School finance lawsuit looms over Legislature
Topeka ? Gov. Sam Brownback says it is a good legal strategy for legislators to change the school finance formula just before a trial on education funding.
But John Robb, an attorney who represents school districts suing the state, said Brownback’s plan would provide no legal protection.
“Playing games with the court system in an attempt to delay what the kids of Kansas are constitutionally entitled to is not the answer,” Robb said.
Last week, several legislative leaders said it would be better to delay action on Brownback’s school funding plan so it could be further analyzed after the current legislative session and before the next one.
They have cited little support for Brownback’s proposal to remove state limits on local property taxes for school funding. And they say Brownback’s system of eliminating weights, or extra funding for certain education expenses, such as children who are learning to speak English, is complicated.
But Brownback, a Republican, said he didn’t think delaying work on changing the school funding system was prudent and he noted the upcoming trial in June.
“Once you have that case decided by the lower court, your options of how you deal with things get substantially restricted,” Brownback said.
“Your best time to deal with this is before you go to trial. As an old attorney and litigator, the time to settle something is before you go to trial, rather than afterwards,” he said.
Landon Fulmer, Brownback’s policy director and point man on the school finance proposal, told legislators that Brownback’s proposed legislation contains “something that is unique to a bill of this magnitude: It sunsets after four years.”
Fulmer added: “This is important not only for ensuring that the Legislature can stay ahead of lawsuits, but also for appropriate public discussion at regular intervals of the thing we spend about half of the SGF (state general fund) on year to year. This is truly the Kansas way.” He also said that passage of Brownback’s proposal by the Legislature “will reset the clock on any lawsuit.”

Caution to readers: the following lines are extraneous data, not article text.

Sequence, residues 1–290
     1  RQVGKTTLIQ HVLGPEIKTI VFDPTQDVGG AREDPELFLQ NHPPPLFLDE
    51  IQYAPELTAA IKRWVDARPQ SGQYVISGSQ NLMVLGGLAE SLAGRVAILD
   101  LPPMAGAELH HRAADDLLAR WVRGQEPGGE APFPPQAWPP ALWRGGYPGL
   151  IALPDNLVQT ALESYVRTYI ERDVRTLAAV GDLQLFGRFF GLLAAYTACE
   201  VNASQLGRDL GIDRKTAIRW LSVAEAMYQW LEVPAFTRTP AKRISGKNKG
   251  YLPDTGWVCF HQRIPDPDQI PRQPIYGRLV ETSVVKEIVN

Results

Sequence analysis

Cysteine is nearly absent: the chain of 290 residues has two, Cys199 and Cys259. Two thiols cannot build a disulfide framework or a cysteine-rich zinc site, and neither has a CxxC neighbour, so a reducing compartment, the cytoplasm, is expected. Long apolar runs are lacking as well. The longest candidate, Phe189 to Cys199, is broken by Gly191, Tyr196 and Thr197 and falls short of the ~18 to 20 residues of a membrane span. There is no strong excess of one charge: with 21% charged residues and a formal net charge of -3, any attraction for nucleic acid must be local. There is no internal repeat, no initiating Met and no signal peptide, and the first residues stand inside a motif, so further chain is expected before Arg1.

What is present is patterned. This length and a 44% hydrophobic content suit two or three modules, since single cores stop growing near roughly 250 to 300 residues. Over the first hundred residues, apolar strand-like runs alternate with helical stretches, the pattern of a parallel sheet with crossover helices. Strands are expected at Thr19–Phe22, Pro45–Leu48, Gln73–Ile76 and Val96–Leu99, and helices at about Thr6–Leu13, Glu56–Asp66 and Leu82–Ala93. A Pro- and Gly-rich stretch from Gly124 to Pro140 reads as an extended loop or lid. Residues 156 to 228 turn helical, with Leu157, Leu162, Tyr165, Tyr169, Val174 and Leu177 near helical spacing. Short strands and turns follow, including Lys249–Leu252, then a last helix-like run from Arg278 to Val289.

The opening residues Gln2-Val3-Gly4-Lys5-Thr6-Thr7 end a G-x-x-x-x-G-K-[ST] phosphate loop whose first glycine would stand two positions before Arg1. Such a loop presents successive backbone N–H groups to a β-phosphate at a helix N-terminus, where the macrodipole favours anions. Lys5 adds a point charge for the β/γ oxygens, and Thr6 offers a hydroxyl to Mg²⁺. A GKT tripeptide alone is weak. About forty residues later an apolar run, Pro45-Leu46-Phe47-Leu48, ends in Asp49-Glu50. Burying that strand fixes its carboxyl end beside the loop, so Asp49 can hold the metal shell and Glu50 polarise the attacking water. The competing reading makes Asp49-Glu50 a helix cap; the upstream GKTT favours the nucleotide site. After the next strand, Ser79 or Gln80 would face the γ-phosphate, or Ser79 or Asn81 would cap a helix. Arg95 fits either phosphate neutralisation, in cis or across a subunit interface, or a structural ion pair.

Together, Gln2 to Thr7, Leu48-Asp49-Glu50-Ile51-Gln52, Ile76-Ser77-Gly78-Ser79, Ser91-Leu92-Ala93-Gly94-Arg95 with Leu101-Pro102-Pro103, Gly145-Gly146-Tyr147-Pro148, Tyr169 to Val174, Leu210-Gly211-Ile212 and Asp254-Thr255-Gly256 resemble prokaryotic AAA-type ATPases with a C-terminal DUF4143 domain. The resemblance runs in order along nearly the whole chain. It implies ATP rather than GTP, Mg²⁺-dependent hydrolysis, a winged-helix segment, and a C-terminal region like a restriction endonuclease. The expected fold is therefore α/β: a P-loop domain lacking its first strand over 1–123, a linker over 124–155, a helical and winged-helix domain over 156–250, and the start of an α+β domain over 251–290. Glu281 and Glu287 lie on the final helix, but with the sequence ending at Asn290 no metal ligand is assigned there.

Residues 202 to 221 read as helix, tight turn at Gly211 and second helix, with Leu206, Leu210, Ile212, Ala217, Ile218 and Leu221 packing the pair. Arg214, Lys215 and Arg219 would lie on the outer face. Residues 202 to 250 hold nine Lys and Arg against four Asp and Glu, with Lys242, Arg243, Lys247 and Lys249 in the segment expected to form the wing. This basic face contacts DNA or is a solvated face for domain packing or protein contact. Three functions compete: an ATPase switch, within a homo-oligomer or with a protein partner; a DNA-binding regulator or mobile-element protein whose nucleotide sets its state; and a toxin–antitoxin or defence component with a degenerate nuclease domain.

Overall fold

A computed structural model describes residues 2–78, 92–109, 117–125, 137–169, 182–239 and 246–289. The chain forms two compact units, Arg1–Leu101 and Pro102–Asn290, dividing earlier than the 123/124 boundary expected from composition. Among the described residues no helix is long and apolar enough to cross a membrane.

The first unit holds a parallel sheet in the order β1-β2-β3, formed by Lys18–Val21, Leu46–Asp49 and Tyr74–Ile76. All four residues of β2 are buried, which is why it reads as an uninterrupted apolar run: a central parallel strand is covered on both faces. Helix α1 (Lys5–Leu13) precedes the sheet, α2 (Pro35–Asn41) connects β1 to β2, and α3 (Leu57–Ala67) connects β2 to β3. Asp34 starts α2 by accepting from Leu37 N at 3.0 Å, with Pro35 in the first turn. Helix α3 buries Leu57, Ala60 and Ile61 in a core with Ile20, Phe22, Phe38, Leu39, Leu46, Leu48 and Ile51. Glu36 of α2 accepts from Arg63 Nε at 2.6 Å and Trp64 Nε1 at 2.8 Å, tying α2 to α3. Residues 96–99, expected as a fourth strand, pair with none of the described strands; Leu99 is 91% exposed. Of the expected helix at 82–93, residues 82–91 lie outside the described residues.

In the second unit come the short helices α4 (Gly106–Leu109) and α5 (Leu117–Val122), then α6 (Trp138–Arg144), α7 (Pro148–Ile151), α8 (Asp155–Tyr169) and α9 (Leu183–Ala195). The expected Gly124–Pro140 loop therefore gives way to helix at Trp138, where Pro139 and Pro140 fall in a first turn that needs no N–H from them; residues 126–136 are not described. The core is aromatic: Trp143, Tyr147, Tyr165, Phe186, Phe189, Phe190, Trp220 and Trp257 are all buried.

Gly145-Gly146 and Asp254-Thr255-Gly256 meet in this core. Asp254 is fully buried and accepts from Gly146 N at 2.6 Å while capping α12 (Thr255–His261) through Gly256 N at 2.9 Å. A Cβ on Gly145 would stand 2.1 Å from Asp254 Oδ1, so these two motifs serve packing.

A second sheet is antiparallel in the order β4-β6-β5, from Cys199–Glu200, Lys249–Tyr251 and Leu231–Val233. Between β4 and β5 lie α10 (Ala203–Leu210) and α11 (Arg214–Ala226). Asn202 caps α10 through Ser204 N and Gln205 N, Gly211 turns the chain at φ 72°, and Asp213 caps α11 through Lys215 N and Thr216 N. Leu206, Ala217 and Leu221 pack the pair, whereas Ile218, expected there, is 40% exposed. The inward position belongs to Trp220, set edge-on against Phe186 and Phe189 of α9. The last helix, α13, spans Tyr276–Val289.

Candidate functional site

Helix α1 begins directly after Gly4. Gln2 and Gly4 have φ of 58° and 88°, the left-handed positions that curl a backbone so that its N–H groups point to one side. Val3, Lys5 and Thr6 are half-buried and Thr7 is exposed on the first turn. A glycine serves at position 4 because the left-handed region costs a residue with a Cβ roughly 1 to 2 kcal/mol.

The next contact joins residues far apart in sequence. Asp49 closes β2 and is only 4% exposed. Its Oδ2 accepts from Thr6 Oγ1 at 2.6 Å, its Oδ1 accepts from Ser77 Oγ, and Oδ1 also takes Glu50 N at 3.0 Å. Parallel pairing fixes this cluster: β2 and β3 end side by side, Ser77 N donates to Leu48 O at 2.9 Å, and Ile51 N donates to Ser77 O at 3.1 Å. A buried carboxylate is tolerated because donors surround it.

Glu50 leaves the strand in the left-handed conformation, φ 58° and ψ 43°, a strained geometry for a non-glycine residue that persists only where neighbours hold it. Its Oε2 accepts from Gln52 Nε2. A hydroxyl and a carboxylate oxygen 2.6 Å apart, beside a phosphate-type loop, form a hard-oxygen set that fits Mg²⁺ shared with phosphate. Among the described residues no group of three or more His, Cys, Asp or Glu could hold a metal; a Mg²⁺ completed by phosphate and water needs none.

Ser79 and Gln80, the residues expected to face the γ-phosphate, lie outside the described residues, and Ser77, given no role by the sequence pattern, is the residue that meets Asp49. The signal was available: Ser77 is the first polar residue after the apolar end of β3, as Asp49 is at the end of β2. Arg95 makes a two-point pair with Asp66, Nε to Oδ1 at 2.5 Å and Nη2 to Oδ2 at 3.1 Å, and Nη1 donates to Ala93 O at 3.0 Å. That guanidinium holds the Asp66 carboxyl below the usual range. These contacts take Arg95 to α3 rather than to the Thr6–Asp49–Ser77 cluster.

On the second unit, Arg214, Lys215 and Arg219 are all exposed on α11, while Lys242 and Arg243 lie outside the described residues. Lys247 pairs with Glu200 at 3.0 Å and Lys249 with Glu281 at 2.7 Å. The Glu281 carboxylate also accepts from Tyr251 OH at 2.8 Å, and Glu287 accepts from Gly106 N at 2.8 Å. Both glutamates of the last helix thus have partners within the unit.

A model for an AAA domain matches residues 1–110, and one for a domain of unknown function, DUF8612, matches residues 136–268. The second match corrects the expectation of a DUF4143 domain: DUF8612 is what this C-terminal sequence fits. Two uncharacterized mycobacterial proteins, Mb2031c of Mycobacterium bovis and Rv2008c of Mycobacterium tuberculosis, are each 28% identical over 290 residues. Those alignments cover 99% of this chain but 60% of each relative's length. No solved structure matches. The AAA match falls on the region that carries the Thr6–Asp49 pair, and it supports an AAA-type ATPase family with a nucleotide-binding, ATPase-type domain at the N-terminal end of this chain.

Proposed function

Robb, the attorney representing 55 school districts that claim the state is underfunding education, said that won’t work.
“The governor’s approach is an attempted end-run around funding the known costs (of education),” he said. “If his plan is adopted, the courts won’t buy it. His remarks about loss of flexibility show that he understands this concept. The courts are highly likely to order that the known costs be funded. This will cost more,” Robb said.
How much more? Here, Brownback and Robb are in agreement. Both say the costs could reach $1 billion.
Based on a previous Kansas Supreme Court decision, the Legislature approved a three-year funding increase to schools, but before the final year was allocated, the Legislature started cutting education funds.
Robb said school cuts have totaled $455 million, and schools were underfunded before the cuts. Base state aid is now $3,780 per student, the lowest it has been in a decade.
Fulmer has said a $1 billion settlement is the equivalent of either a 36-mill statewide property tax increase, or a 3 percent increase in the state sales tax, or a 2 percent increase in income taxes. “We have to act now to head this off,” he said.
But Robb said $1 billion is less than half what it would cost to eliminate the state income tax, which Brownback has proposed. “The problem is that the Constitution requires that schools be funded but not that taxes be cut,” Robb said.
Meanwhile, Democrats in the Legislature have argued that starting to restore school funding cuts from the state’s growing reserve fund would be the better path. The school finance formula, they argue, is not broken, simply inadequately funded.